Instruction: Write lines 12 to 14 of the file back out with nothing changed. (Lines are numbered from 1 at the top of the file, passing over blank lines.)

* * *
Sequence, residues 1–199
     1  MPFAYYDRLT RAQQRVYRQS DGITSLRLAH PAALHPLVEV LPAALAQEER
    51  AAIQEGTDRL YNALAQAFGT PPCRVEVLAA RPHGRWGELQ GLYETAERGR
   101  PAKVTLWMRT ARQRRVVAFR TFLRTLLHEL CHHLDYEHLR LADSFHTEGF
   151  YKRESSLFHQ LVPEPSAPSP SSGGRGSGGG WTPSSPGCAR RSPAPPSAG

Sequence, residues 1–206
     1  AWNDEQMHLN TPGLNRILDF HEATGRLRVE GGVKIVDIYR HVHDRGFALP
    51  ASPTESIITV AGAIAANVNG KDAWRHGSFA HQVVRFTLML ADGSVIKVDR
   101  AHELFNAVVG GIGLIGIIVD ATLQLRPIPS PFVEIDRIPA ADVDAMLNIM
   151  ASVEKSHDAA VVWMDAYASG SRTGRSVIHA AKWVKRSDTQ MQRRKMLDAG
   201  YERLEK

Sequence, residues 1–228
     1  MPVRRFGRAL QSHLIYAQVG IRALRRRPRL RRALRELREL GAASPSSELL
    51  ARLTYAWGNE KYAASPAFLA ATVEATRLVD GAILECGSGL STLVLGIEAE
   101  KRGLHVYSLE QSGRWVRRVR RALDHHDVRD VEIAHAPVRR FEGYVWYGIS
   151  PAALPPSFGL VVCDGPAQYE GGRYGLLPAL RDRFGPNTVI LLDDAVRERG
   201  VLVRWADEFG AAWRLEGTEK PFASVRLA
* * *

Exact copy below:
Sequence, residues 1–228
     1  MPVRRFGRAL QSHLIYAQVG IRALRRRPRL RRALRELREL GAASPSSELL
    51  ARLTYAWGNE KYAASPAFLA ATVEATRLVD GAILECGSGL STLVLGIEAE